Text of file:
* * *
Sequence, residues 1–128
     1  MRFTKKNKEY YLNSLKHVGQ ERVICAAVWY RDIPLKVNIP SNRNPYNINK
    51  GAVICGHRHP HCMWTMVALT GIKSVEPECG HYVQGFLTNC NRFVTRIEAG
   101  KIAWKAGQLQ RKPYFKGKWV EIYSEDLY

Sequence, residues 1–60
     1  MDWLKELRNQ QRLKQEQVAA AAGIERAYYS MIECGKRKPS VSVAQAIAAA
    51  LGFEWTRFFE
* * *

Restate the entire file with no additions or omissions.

Sequence, residues 1–128
     1  MRFTKKNKEY YLNSLKHVGQ ERVICAAVWY RDIPLKVNIP SNRNPYNINK
    51  GAVICGHRHP HCMWTMVALT GIKSVEPECG HYVQGFLTNC NRFVTRIEAG
   101  KIAWKAGQLQ RKPYFKGKWV EIYSEDLY

Sequence, residues 1–60
     1  MDWLKELRNQ QRLKQEQVAA AAGIERAYYS MIECGKRKPS VSVAQAIAAA
    51  LGFEWTRFFE